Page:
Some are heralding the iPad revolution this week while others have assailed the new device for restricting users to Apple-approved software. In the 1990s, the U.S. Department of Justice and the European Union sued Microsoft for bundling software like Internet Explorer with its Windows operating system, even though buyers were free to download competing browsers. So why is Apple allowed to tell consumers what software they can and can't run on their mobile devices?
Because consumers can easily switch to a netbook or BlackBerry. Companies are free to sell machines that work only with their proprietary software, peripherals, or accessories. It happens all the time in other markets. Your vacuum cleaner might accept only the manufacturer's bags, and you can't play PlayStation games on your Xbox. The government doesn't care, because consumers have ample choice in these markets. The iPhone accounts for just 16.6 percent of smartphone sales, and Apple seems to be losing ground to Android-based phones. As an unofficial rule of thumb, government regulators won't raise their eyebrows until one company owns more than 70 percent of a given market. Apple may have sold 300,000 iPads on release day, but consumers are likely to purchase more than 40 million netbook and slate PCs in total this year.
Even if Apple does come to dominate the smartphone or tablet-computer categories, its software restrictions might still be allowed. Antitrust laws don't prohibit monopolies; they prohibit monopolies coupled with monopolistic behavior—the kind of practices that prevent new competitors from getting a foothold in the market. If bundling Internet Explorer with Windows were Microsoft's only anti-competitive act, it might never have faced litigation. The company also refused to license Windows to PC manufacturers that included Netscape or other browsers with their machines and threatened to cancel development of a Mac-compatible version of Microsoft Office if Apple didn't make IE the default Mac browser. The courts ruled that the hardware makers were completely at Microsoft's mercy because consumers were both unable and unwilling to switch to a non-Windows device.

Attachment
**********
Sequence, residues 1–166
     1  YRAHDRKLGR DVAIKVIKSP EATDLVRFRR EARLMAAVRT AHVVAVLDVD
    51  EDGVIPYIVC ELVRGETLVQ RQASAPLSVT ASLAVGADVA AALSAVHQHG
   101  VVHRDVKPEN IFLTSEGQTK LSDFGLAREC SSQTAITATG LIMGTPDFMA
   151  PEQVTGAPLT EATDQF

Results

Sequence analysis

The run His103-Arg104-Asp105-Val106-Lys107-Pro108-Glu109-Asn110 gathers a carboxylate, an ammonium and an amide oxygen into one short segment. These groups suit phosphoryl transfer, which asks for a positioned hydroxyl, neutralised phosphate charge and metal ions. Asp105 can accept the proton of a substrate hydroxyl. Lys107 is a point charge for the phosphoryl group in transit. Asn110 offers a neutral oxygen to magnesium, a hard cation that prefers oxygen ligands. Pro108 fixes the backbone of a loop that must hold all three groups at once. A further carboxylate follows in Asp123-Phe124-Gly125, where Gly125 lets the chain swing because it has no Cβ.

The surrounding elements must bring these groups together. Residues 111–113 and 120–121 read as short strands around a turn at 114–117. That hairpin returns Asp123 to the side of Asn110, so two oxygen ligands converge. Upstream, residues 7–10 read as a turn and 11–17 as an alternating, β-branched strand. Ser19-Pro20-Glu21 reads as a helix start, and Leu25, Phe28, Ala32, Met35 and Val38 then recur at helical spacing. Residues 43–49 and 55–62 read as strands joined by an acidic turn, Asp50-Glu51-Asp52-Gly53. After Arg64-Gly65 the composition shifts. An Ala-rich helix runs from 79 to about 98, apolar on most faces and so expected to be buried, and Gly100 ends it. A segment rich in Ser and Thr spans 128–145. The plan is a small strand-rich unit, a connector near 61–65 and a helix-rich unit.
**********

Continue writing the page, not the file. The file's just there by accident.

Whether Apple's software restrictions are in any way comparable to Microsoft's practices is an open question. Some argue that Apple's limitations actually impair its potential for market domination, driving software designers and customers to more open devices like Android. Moreover, Apple's core business is selling hardware, not the apps themselves. To the extent that its rules impact the software-design market, Apple is affecting a different industry than the one it really cares about. Efforts to prevent consumers from running nonapproved applications on an iPad do not prevent Hewlett-Packard from entering the tablet-computing market.
On the other hand, a hypothetical iPad-dominated market might be somewhat similar to the Windows-based world that the U.S. government objected to in 1998. With more than 90 percent of PCs running Windows in the 1990s, Microsoft had the power to strong-arm software developers into writing code only for Windows. Apple could, one day, turn its chokehold on iPad apps into a de facto prohibition on non-iPad software design by opening its devices only to Apple-exclusive developers. But there is no indication, at this point, that Apple intends to use that strategy.
Apple isn't immune to antitrust claims. A class action lawsuit in federal court alleges that Apple has prevented other music vendors from selling iPod-compatible music by constantly changing its code, and that the company should not be allowed to prevent iTunes music from being transferred to non-iPod MP3 players. The European Union is also investigating the company for blocking cross-border music purchases. The iPod represents nearly three-quarters of the MP3-player market.
Got a question about today's news? Ask the Explainer.
Explainer thanks Andrew Chin of the University of North Carolina School of Law, Edward W. Felten of the Center for Information Technology Policy at Princeton University, Harry First of NYU School of Law, and Andrew I. Gavil of the Howard University School of Law. Thanks also to reader Marty McMahon for asking the question.